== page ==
Fear No Evel

I was recently looking through some photos of events from over the years, that have taken place at Wembley Stadium, and one, literally, jumped right out at me. It was of motorbike stunt performer Evel Knievel who was a massive name in the 1970s. He was all over the telly – and the tarmac on many occasions – and the spin off action toy bearing his name, sold in the millions, with every home seeming to have one.

Robert Craig Knievel was born in October 1938 in Butte, Montana. His unusual surname is of German origin on his paternal side, and he had a brother Nicolas, known as Nic,  born a year later. Within two years of his birth however, his parents had divorced and he and Nic were raised by Ignatius and Emma, his grandparents.
Young Robert was bitten by the daredevil bug aged just 8, after seeing a show by motorcycle showman Joie Chitwood.

He left school around 15 and worked in the local copper mines, though do anything with machines, was his real passion. He was subsequently fired from his job, after doing a wheelie with a large earth mover, on the open ground area around the mine. Unfortunately, he lost control of the vehicle and drove it straight into Butte’s main power supply, which left the town without any electricity for hours.

He picked up his Evel nickname after a night in jail (nicked for reckless driving – I can see a pattern emerging here)  and in the jail that night, was a local man William ‘Awful’ Knofel. Looking to go a step up from awful, Knievel became Evel.

Being a thrill seeker at heart, he took part in ski jumping, rodeos, pole vaulting and ice hockey in the next few years. Married in the late 50s to Linda Joan, he became a father to son Kelly in the very early 60s. He then joined a motor cross circuit but was struggling to make enough money to support his new family. So, he moved them to Moses Lake in Washington and opened a Honda dealership. When that failed, he worked for Don Pomeroy at his motorcycle shop and was taught to do stunts by Don’s son Jim. Remembering the Joie Chitwood daredevil show he had seen many years earlier, he decided to do something similar. He hired a venue, ran the press campaign and served as the Emcee for the event, which ended with Evel jumping a 20-foot-long box which contained rattlesnakes and mountain lions. He managed to just about complete the leap and thankfully he landed the bike safely.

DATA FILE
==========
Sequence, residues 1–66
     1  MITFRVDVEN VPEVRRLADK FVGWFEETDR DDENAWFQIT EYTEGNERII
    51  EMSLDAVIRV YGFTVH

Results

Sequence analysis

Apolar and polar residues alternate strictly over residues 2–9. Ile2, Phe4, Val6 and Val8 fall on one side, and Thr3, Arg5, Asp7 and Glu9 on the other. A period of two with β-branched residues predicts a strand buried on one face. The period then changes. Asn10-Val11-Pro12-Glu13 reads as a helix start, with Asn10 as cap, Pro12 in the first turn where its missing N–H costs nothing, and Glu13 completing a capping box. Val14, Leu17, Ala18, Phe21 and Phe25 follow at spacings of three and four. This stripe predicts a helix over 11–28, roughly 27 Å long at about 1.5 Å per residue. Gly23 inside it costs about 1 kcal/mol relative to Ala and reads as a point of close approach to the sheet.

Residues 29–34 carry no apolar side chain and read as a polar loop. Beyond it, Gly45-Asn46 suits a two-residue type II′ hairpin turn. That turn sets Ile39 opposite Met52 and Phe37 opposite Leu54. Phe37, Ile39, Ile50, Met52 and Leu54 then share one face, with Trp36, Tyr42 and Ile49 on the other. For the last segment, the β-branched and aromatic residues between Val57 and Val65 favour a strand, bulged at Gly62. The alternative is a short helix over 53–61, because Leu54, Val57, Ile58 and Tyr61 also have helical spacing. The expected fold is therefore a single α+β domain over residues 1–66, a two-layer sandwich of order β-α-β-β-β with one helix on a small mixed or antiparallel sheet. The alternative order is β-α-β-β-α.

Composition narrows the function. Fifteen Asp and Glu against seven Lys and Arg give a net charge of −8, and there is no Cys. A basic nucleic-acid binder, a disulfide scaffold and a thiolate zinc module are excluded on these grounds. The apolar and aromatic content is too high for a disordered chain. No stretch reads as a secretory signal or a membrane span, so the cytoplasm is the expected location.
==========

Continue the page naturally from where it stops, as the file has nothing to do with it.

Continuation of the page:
The show only attracted a small audience however, and he soon realised he needed sponsorship to put on a bigger show with more performers to attract  bigger crowd. He found that backer,  in Bob Blair who distributed Berliner Motorcycles. Going out under the name ‘Evel Knievel and his Motorcycle Daredevils’ the new show debuted at a festival in Indio, California in January 1966. However due to constant injuries and the subsequent cancelled events, the show eventually broke up.

Never one to be daunted for too long, once recovered from his latest scrape, Knievel continued to work as a solo act. He began to jump cars on his motorbike and gradually added more and more cars and more and more punters in the crowd. He was up to clearing 15 cars, when he began to gain national TV interest.
Whilst in Las Vegas for a boxing match, Evel announced he would jump the fountains at Caesars Palace, and he would have the attempt filmed. The jump of 140 feet on New Year’s Eve 1967 was to be his biggest jump yet. He was dressed in what would become his trademark white leather, star spangled, jumpsuit, reminiscent of Elvis in his Vegas years, but inspired Evel said, by Liberace, he once again he crashed and suffered severe injuries. The publicity that it generated though, made it worth it. Every attempt he made was later reported to be picking up in the region of $25,000 per jump. In 1971, he sold 100,00 tickets for back-to-back performances at the Houston Astrodome and he successfully landed a jump over 19 cars, riding a Harley Davidson. Such was his stardom, that a biopic called, not unreasonably, ‘Evel Knievel ‘ was released with George Hamilton in the lead role. 

Here Comes the Merch!  The Ideal Toy Company then released the first Evel Knievel merchandise  in 1972, and within the next six years sold more $350 million worth of toys and action figures.

No one could accuse Knievel of not dreaming big and for years he had tried to get permission to attempt to jump the Grand Canyon, but it was always denied.

‘I don’t care if they say, ‘Look, kid, you’re going to drive that thing off the edge of the Canyon and die,’ I’m going to do it. I want to be the first. If they’d let me go to the moon, I’d crawl all the way to Cape Kennedy just to do it. I’d like to go to the moon, but I don’t want to be the second man to go there.’